ORANGE COUNTY. CA
Hyundai Motor America and Kia Motors America resolve engine litigation
Hyundai Motor America and Kia Motors America have entered into an agreement to resolve class action litigation with owners of certain vehicles equipped with Theta II gasoline direct injection (GDI) engines. This agreement will provide various cash compensation options, lifetime warranties, free inspection and repair of the covered engines, and installation of a software update Hyundai and Kia introduced after the case was filed to enhance safety and address this engine’s performance. It also provides additional remedies to address engine concerns and assist customers with these vehicles.
Vehicles in the settlement include 2.3 million Hyundai (2011-2019 Sonata, 2013-2018 Santa Fe Sport, 2019 Santa Fe, and 2014, 2015, 2018, and 2019 Tucson) and 1.8 million Kia (2011-2019 model year Sportage, Sorento and Optima) vehicles with 2.0-liter and 2.4-liter GDI engines.
Terms of the settlement include:
Cash reimbursement for certain past repairs and related expenses, such as towing and rental cars
Cash compensation for certain past trade-ins, sales, and in lieu of certain repairs;
Free inspection and repair or replacement of damaged engines
Lifetime warranty coverage for short block assembly repairs for original and subsequent owners
Free installation of the knock sensor detection system software update
Various goodwill compensation for customers inconvenienced by previous lengthy engine repair times, denied warranty coverage, and vehicle loss of value, among other provisions
The Court is expected to review the proposed settlement for preliminary approval in October 2019. Assuming preliminary approval is granted, notices will be sent to individual class members pursuant to the terms of the settlement.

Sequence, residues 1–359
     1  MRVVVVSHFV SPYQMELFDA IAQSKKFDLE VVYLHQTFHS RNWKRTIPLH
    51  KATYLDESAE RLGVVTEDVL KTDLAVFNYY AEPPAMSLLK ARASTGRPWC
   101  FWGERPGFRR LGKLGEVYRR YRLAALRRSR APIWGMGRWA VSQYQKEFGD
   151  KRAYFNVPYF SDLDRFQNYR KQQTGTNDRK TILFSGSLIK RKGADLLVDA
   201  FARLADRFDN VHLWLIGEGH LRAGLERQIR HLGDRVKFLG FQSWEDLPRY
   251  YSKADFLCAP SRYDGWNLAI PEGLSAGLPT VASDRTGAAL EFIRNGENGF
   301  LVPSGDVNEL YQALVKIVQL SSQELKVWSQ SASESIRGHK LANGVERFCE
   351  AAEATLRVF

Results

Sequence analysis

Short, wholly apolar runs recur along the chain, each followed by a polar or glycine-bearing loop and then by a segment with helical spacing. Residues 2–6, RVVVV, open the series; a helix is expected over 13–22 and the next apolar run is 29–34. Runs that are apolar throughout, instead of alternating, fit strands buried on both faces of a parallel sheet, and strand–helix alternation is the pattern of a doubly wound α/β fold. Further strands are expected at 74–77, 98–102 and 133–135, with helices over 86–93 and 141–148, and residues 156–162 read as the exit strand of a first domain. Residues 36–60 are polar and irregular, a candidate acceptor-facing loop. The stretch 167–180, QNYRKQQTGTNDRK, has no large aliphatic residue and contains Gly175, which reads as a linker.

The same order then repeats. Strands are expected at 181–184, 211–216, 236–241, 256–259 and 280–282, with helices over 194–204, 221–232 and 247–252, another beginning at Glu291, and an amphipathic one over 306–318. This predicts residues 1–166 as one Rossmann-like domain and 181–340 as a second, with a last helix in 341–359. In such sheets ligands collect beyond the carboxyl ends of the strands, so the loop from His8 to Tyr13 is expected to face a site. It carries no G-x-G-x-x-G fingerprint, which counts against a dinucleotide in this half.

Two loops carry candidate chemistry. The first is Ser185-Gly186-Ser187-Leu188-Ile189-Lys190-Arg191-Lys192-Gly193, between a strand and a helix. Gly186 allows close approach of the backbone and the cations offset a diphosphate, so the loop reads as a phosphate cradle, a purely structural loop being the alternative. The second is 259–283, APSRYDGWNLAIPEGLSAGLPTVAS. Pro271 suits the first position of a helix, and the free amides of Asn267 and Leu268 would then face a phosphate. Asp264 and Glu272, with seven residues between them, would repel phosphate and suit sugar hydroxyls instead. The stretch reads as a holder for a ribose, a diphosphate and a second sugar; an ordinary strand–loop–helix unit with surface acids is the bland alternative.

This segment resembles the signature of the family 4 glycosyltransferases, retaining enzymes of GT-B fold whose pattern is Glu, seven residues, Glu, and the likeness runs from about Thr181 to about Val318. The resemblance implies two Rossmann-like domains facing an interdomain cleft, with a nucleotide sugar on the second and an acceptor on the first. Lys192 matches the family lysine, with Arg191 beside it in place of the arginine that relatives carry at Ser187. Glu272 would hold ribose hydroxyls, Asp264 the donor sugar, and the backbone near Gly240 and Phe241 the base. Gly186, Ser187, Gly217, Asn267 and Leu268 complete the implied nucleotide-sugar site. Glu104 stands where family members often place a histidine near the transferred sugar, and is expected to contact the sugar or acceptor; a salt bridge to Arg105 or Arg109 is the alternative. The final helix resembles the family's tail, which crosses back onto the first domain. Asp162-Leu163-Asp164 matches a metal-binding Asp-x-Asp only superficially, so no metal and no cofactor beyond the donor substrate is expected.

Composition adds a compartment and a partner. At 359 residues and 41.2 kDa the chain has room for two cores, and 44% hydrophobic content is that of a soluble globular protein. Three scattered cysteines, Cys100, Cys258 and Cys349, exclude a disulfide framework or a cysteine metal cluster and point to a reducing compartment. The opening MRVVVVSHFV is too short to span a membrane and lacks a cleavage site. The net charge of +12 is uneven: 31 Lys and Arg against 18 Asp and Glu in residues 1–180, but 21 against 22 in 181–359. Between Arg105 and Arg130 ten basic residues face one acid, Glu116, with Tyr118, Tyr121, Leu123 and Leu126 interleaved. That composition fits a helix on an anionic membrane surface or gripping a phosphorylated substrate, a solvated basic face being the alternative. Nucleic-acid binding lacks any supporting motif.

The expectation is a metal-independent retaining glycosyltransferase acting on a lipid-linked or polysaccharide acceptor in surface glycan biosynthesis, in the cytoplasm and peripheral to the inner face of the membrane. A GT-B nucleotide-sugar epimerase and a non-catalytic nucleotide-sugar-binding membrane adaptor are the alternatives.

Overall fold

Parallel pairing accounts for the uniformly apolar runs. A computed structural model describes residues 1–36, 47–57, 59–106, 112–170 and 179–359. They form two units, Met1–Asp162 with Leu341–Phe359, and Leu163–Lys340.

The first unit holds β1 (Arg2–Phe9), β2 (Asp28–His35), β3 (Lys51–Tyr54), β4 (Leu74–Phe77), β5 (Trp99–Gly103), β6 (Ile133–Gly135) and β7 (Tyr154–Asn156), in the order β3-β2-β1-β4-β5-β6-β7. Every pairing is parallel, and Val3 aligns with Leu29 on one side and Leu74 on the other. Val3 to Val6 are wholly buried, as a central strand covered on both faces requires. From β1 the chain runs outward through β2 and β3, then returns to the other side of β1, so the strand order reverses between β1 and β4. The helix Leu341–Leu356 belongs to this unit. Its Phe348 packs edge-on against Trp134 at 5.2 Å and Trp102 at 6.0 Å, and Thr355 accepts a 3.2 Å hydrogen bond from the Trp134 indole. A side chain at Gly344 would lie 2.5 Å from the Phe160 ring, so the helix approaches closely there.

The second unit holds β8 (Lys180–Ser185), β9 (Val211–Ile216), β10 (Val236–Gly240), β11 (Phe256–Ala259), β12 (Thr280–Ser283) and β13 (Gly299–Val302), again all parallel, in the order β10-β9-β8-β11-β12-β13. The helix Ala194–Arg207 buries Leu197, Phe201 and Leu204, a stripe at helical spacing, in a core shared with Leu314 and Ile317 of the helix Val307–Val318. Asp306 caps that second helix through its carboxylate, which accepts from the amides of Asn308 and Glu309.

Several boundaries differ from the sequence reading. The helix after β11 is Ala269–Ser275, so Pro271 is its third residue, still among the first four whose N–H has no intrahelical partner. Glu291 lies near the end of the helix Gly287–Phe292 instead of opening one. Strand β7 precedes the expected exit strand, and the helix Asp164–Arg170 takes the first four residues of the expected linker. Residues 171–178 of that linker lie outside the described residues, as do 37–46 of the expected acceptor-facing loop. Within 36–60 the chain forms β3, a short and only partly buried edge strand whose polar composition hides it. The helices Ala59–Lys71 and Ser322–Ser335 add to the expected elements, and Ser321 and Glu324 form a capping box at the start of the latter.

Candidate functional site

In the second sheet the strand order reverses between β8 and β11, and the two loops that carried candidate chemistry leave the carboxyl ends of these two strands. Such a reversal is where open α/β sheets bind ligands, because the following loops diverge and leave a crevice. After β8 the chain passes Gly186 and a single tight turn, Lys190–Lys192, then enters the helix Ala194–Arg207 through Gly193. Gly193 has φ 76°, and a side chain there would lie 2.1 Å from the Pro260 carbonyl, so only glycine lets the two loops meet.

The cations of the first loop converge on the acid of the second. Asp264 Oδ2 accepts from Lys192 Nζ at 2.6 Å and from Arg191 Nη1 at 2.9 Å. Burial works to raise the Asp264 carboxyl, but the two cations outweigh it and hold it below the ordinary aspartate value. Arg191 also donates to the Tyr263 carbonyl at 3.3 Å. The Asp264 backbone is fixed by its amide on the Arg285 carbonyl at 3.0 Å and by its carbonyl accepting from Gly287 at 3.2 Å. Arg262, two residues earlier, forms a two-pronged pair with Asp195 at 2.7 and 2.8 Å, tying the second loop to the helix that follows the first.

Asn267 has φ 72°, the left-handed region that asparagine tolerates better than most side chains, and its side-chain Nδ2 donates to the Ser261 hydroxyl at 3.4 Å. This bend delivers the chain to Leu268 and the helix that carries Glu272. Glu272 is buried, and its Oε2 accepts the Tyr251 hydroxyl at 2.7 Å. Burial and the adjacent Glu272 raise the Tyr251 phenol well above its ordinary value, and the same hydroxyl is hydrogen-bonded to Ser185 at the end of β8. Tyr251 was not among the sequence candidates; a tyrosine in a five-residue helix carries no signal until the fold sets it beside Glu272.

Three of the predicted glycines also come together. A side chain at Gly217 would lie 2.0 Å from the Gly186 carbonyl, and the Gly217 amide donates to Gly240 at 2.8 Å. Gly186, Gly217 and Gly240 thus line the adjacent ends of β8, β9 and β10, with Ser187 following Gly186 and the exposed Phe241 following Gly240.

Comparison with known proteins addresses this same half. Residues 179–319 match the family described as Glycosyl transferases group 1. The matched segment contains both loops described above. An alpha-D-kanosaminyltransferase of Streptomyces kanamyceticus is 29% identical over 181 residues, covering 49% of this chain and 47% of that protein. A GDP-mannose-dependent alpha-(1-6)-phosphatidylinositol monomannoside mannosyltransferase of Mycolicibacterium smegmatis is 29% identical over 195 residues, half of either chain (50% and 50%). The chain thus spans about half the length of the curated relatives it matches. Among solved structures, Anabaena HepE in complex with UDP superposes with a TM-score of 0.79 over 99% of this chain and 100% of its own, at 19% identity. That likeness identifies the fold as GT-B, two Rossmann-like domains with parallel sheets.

These class action lawsuits are In re: Hyundai and Kia Engine Litigation, Case No. 8:17-cv-00838, and Flaherty v. Hyundai Motor Company, et al., Case No. 18-cv-02223, in the U.S. District Court for the Central District of California. Plaintiffs in these two actions are represented by Matthew D. Schelkopf of Sauder Schelkopf, Adam Gonnelli of The Sultzer Law Group, Bonner Walsh of Walsh PLLC, and Steve Berman of Hagens Berman Sobol Shapiro LLP.
Knock Sensor Detection System Software Update
Each of these vehicles is part of an ongoing product improvement campaign to install an engine monitoring technology called a knock sensor detection system. The technology uses software innovations and leverages existing engine sensors to continuously monitor for symptoms that may precede an engine failure. It is installed free of charge for all vehicles in the settlement by Hyundai and Kia dealers.
The knock sensor detection system software continuously monitors engine vibrations for unusual dynamic patterns that develop as an engine connecting rod bearing wears abnormally in a way that could later cause engine seizure. If vibrations caused by bearing wear start to occur, the malfunction indicator lamp will blink continuously and the vehicle will be placed in a temporary engine protection mode with reduced power and acceleration. In this temporary mode, drivers maintain full control of the vehicle as brakes, steering and safety devices such as airbags remain operational.
The vehicle can continue to be operated for a limited time in engine protection mode to enable the customer to safely drive it to a dealer for inspection and repair, but acceleration will be slower, with a reduced maximum speed of approximately 60 to 65 mph and a limited engine speed of approximately 1,800 to 2,000 rpm. The knock sensor technology has been evaluated by an independent, leading engineering and scientific consulting firm. When tested using a fleet of vehicles specifically prepared to test the knock sensor technology, the knock sensor system successfully detected failing connecting rod bearings and responded with activation of the engine protection mode.